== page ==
In actuality, the author stands on the ground that heritage is of the utmost importance because it mirrors the historical and cultural experience of ancestors, the experience which was transmitted from one generation to another. In such a context, such things as quilts are symbols of heritage and it is through the attitude to these things the true attitude of an individual to his or her heritage, ancestors and past of his or her family is revealed. At the same time, the author stresses that people should never forget about their heritage and they should respect it as the narrator of the story does.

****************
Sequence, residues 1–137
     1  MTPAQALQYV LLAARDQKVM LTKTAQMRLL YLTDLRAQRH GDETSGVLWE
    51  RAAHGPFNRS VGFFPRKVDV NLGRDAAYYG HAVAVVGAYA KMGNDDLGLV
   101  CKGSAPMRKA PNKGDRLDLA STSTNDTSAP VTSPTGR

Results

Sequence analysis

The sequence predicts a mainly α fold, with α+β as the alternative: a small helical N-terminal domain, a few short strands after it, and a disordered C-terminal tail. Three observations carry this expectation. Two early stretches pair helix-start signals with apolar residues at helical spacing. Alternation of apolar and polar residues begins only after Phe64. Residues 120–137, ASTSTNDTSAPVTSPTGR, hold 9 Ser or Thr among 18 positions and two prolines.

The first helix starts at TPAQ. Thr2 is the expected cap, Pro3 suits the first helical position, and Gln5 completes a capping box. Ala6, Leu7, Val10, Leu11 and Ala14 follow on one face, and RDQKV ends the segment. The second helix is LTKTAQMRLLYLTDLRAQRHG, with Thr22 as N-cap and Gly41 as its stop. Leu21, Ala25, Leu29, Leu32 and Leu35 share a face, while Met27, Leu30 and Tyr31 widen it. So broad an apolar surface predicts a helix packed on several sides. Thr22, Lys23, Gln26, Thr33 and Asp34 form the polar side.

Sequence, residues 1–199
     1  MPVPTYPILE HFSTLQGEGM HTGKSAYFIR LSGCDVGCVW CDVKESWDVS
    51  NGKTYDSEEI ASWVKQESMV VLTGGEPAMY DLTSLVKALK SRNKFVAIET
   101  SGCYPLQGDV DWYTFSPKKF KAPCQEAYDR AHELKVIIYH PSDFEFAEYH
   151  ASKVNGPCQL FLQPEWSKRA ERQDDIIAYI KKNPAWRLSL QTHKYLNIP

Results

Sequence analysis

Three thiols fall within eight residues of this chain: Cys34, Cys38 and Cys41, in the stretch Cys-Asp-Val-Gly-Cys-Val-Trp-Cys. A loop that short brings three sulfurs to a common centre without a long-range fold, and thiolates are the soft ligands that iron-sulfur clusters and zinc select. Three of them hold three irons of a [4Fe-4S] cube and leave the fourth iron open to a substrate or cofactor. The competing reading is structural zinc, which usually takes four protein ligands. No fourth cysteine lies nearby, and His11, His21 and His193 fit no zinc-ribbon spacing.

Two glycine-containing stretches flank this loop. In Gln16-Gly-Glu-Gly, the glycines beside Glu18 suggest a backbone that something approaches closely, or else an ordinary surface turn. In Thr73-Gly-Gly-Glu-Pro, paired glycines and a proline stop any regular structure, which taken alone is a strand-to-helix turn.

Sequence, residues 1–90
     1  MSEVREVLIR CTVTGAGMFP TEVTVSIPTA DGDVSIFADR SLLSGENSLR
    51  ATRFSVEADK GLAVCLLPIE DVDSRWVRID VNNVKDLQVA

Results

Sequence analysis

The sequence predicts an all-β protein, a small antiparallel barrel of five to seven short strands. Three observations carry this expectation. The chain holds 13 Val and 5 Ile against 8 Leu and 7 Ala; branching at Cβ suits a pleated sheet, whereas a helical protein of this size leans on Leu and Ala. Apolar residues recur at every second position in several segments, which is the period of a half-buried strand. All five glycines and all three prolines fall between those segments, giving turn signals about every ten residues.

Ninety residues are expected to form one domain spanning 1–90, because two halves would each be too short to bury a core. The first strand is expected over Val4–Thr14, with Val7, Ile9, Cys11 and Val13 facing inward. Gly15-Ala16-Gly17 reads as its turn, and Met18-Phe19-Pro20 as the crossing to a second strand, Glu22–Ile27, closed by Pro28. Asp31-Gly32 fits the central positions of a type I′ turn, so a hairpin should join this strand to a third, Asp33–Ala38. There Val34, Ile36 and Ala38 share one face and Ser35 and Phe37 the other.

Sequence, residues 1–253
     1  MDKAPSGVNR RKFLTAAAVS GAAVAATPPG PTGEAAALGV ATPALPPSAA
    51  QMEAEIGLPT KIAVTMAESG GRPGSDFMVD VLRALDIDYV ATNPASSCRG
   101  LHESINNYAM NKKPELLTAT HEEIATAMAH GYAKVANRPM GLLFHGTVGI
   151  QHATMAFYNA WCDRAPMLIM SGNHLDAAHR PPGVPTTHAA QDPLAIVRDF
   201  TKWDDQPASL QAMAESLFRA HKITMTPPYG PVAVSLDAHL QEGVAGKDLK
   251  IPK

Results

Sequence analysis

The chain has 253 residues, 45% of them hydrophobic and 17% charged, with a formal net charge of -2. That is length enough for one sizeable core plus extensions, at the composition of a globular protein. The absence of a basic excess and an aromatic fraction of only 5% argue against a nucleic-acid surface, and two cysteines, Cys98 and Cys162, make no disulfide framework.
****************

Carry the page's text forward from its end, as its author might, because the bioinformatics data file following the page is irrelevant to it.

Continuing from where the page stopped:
On the other hand, the author reveals the fact that, in the contemporary world, the concept of heritage and the attitude to heritage have changed dramatically. Dee, the daughter of the narrator, does not respect her heritage and she does not understand what heritage actually means. She associates heritage with old things, like quilts, which are simply stored without any specific purpose. Thus, heritage becomes a kind of trash for her. It is obvious that she would easily throw away the old things because they are out of date, but it is these old things that are the heritage of her family. She cannot understand the significance of this heritage. When she re-discovers quilts, she finds that quilts are just “scraps of dresses Grandma Dee had worn fifty years ago. Bits and pieces of Grandpa Jarrell’s Paisley shirts. And teeny faded blue piece”¦ that was from Great Grandpa Ezra’s uniform he wore in the Civil War” (Walker, 498). Hence, her attitude to quilts is negligent, she scorns them because they are old fashioned and out-of-date.